2009/1/30 Peter Booth <pbooth / nocoincidences.com>:

> You have an answer, but it isn't the right answer.

I am not sure I understand what you mean by that since you seem to
rather reconfirm what I wrote:

> An Ultrasparc T1  processor is a little more powerful than either of the
> Core 2 Duo CPUs you tested. You can see this from  the published results for
> the  SPECjbb2005  or the specweb benchmarks.

Colin was not interested to learn how much potential a SPARC CPU has
but he wanted to know why his SPARC was outperformed by an Intel box.

> The confusion when using your application as a benchmark, you only make use
> of 5% of the CPU resources of the Sun box.  The T1 processor  only runs at a
> clock speed of 1GHz but, being both multithreaded and multi-core, it gives
> you a total of 24 threads to push work through. If you used a benchmark that
> ran 24 or more instances of your application you could expect to see
>  greater throughput from the Sun host than the Intel hosts.

As I said, there was just a single thread in the benchmark and this is
where SPARC processors fail miserably.

> This is a great example of the "End of Moore's Law" issue. We are at the
> cusp of a change in hardware technology that could force all  developers to
> learn about concurrency and parallelizing workloads. The difference between
> these two architectures is that Sun embraced the issue a little earlier than
> Intel.

Frankly, I am not too optimistic that concurrency will be ubiquitous
soon. There are several reasons for this: judging from what I read in
public forums the concept seems to be difficult to grasp for many
people. Especially testing a multithreaded application is
significantly more complex than testing a single threaded application.
And, lastly, there is a vast amount of software that does exist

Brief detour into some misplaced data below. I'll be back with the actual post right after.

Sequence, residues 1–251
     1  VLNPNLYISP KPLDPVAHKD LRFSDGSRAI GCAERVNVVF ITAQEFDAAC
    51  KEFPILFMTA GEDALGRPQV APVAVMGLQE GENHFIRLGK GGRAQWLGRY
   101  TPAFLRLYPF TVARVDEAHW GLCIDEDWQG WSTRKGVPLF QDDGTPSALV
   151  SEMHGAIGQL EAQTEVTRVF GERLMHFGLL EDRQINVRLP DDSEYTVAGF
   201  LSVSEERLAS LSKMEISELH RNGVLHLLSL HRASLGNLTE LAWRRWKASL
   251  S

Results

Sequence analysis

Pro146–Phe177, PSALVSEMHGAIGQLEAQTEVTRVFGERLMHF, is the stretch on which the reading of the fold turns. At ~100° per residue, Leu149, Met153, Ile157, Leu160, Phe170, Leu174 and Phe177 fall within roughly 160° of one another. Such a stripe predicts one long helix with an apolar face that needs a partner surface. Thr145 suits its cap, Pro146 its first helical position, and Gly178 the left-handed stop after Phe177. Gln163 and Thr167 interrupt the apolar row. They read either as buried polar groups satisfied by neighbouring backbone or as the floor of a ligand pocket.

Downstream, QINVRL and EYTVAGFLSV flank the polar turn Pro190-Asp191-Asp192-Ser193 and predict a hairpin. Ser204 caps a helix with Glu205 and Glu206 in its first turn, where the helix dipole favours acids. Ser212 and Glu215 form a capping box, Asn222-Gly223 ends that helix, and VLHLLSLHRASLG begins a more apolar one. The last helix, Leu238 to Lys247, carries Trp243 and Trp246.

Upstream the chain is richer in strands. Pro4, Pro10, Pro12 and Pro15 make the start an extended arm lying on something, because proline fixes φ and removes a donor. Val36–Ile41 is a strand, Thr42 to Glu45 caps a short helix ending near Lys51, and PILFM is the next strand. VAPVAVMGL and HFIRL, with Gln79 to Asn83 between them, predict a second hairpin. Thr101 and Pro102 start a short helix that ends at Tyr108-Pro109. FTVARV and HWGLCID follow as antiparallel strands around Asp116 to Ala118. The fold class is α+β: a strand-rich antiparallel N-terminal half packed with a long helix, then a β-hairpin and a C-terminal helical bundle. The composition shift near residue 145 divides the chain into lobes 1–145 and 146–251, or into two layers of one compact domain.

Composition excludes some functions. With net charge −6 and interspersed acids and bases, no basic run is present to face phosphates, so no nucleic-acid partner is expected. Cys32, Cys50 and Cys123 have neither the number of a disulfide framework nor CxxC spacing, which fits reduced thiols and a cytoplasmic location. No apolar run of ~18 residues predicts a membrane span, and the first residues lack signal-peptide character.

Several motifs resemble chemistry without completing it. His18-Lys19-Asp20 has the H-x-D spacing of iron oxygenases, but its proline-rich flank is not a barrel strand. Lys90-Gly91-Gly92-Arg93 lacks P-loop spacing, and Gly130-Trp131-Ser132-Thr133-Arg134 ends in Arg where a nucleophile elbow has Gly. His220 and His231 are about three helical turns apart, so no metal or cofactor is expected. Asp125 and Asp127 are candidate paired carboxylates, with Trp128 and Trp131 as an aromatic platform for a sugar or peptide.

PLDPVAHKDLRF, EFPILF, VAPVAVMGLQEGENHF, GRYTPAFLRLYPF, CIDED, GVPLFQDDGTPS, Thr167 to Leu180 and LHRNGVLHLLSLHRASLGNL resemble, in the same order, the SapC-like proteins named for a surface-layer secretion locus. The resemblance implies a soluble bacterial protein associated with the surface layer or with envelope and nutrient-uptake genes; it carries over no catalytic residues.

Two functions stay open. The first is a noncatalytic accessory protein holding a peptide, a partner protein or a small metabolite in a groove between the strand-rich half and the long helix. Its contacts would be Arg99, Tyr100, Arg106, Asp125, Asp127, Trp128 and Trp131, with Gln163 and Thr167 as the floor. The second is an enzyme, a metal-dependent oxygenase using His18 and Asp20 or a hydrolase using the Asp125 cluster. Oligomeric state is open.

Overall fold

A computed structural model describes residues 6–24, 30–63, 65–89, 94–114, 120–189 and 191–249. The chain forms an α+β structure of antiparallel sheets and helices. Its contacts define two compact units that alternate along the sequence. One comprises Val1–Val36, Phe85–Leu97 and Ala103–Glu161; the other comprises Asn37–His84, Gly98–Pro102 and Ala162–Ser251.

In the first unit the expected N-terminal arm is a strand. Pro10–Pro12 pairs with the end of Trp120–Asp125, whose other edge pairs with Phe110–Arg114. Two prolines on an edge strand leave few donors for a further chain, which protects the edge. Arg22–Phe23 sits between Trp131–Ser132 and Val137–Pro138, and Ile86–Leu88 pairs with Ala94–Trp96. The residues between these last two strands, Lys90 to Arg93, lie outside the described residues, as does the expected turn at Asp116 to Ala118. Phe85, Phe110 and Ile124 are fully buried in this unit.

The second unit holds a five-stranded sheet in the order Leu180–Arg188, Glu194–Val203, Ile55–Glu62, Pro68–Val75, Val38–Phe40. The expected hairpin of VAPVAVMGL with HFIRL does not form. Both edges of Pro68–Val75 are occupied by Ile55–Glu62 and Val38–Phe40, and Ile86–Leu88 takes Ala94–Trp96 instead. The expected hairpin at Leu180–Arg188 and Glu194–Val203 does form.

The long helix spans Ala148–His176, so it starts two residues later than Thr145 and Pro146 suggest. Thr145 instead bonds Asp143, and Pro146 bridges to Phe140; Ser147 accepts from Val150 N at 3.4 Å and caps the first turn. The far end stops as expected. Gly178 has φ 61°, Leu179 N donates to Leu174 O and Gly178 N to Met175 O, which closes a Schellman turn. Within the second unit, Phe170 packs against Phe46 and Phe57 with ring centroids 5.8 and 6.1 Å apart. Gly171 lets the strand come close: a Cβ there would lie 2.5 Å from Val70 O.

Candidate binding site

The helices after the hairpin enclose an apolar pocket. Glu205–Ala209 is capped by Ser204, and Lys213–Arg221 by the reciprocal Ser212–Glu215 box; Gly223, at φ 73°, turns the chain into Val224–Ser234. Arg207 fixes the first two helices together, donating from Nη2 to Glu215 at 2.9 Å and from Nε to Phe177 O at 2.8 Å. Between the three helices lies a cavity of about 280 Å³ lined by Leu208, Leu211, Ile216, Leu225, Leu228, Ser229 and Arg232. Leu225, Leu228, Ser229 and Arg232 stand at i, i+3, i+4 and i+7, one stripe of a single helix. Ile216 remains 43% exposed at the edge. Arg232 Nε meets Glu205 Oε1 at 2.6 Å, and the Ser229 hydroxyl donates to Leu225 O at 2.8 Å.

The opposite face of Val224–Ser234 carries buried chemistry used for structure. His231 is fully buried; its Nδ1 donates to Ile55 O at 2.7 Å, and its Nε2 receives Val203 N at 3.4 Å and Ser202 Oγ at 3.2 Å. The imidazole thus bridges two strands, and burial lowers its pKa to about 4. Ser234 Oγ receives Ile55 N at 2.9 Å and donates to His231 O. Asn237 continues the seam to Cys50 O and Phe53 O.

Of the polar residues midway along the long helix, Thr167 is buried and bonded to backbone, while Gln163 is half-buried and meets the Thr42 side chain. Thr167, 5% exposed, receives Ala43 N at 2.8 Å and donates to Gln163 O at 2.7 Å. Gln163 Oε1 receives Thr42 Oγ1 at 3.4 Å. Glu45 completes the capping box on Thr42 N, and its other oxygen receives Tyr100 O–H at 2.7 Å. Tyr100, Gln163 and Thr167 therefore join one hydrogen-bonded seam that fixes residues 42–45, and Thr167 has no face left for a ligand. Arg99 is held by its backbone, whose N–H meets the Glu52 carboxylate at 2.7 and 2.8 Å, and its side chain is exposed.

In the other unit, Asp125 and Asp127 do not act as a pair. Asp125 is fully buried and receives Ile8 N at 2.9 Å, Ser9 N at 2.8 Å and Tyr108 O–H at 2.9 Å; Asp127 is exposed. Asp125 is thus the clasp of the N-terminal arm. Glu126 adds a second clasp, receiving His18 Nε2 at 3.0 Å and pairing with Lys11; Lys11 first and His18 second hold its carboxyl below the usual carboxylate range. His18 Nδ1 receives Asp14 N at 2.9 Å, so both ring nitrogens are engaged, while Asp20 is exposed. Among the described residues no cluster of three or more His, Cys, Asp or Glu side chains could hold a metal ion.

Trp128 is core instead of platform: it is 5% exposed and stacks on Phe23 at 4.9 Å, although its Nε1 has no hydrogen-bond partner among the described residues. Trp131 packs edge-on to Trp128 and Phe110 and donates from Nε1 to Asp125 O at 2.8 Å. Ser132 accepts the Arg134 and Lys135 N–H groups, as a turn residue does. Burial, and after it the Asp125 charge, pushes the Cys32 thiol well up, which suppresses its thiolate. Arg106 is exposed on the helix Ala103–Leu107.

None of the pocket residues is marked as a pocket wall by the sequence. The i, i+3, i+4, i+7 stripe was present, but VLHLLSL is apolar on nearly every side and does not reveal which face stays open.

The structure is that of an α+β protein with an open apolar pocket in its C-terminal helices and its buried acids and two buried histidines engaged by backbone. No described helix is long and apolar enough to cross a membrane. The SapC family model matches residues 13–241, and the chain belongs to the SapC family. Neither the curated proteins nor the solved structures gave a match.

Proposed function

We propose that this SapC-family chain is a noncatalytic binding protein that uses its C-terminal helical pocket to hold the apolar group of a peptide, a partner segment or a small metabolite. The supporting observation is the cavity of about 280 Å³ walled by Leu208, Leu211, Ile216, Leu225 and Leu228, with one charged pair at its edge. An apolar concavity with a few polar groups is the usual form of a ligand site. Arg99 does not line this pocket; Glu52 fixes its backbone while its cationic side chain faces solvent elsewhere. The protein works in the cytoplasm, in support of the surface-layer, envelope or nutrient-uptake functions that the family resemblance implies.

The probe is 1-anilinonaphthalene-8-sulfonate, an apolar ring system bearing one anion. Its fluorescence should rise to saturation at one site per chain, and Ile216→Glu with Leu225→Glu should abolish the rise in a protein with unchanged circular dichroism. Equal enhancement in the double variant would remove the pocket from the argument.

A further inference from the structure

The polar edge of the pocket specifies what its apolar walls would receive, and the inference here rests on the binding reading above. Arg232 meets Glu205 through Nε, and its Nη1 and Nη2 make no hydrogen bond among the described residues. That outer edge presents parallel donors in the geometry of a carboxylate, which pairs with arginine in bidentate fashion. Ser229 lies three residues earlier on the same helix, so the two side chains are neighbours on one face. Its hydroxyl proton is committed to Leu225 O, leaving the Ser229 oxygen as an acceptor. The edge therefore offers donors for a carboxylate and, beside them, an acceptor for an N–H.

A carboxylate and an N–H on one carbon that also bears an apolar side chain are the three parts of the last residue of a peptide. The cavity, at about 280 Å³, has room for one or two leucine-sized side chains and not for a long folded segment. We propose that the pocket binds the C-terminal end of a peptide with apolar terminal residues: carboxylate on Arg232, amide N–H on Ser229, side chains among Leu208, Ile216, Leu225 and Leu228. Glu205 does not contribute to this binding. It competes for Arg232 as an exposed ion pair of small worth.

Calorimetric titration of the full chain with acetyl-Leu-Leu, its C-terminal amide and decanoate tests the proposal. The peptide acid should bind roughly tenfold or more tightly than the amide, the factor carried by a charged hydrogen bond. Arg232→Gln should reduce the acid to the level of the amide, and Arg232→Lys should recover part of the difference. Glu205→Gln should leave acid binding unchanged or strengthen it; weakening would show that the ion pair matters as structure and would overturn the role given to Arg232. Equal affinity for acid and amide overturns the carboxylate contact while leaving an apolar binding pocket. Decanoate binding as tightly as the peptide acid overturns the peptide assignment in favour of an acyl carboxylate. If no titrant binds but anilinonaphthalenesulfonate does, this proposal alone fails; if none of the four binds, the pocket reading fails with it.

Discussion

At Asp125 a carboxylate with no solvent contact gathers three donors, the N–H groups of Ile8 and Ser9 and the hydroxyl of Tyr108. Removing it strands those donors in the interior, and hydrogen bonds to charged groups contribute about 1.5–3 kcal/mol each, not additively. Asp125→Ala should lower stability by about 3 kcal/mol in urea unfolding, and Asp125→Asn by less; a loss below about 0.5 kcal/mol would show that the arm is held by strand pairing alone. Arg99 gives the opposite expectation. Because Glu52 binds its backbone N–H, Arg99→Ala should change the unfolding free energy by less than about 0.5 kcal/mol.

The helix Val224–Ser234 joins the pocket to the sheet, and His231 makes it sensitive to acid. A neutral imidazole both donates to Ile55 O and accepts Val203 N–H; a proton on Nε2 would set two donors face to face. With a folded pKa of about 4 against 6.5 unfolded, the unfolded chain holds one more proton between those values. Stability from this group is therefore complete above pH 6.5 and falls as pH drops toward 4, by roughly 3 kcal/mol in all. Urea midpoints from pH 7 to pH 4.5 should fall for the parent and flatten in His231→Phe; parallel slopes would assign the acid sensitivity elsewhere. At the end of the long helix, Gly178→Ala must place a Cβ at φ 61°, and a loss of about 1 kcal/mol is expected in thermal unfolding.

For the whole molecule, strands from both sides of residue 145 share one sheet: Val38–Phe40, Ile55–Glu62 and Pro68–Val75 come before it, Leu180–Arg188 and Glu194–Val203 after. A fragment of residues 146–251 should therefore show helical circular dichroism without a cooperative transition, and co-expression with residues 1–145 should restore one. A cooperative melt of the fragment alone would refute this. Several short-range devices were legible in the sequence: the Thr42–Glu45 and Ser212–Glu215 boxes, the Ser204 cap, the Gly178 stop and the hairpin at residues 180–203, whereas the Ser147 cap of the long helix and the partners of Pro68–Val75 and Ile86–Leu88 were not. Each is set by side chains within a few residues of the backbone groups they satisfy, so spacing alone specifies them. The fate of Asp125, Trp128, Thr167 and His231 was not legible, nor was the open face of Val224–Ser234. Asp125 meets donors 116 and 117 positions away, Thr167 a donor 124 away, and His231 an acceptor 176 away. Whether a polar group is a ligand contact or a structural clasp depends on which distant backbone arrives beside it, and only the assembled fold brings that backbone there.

already and scarcely uses multithreading; in other words, efforts to
convert this are very high.

Side note: when I was at the university I picked a lecture about
communication in parallel computational models because at that time my
university (Paderborn, Germany) had one of the largest multiprocessor
systems around and was recognized as strong in that area. I did not
follow that path further on because it was easy to see that the theory
was still immature, Big-O calculus had large constants (i.e. algorithm
would be faster from a few million CPUs on) and network topologies had
to be tailored to the algorithm.

> I agree with Robert that RISC has had its day in the sun (pun not intended),
> but I disagree with the suggestion that this is due to technical
> inferiority. The reality is that Sun sat pretty earning great margins for
> their hardware for more than a decade. No longer commercially relevant its
> ironic that they are now, perhaps for the first time, competitive on a
> performance vs price basis. But it's too lae. It doesn't matter that Solaris
> on a Sun server is, in some ways, technically superior to a Linux on Intel
> platform.

IMHO Sun's good position is not attributed to fast CPU speeds but
rather features that make Solaris systems good server systems:
reliability, fault tolerance, IO performance etc.  I guess in practice
most applications that need to scale to large amounts of users require
large IO bandwidth rather than CPU power (just think of typical web
applications like online shops).

> I would never choose Solaris today because it would be like buying a Beta
> VCR, or a NeXT cube in the 1980s.

Now you're getting more pessimistic about it than me. :-)

> Its sad that a company responsible for so
> many technical innovations isn't succeeding economically but that's life.
> Linux on Intel is the safe corporate choice today. Funny to remember that
> installing Slackware on a 386 in 1996 made me feel like a revolutionary.

Oh yes, I also remember those days when I copied Slackware on 50+
floppy disks and installed it at home on my 386.  Those are the days
where the phrase about the largest text adventure application
originated. :-)

Kind regards

robert

-- 
remember.guy do |as, often| as.you_can - without end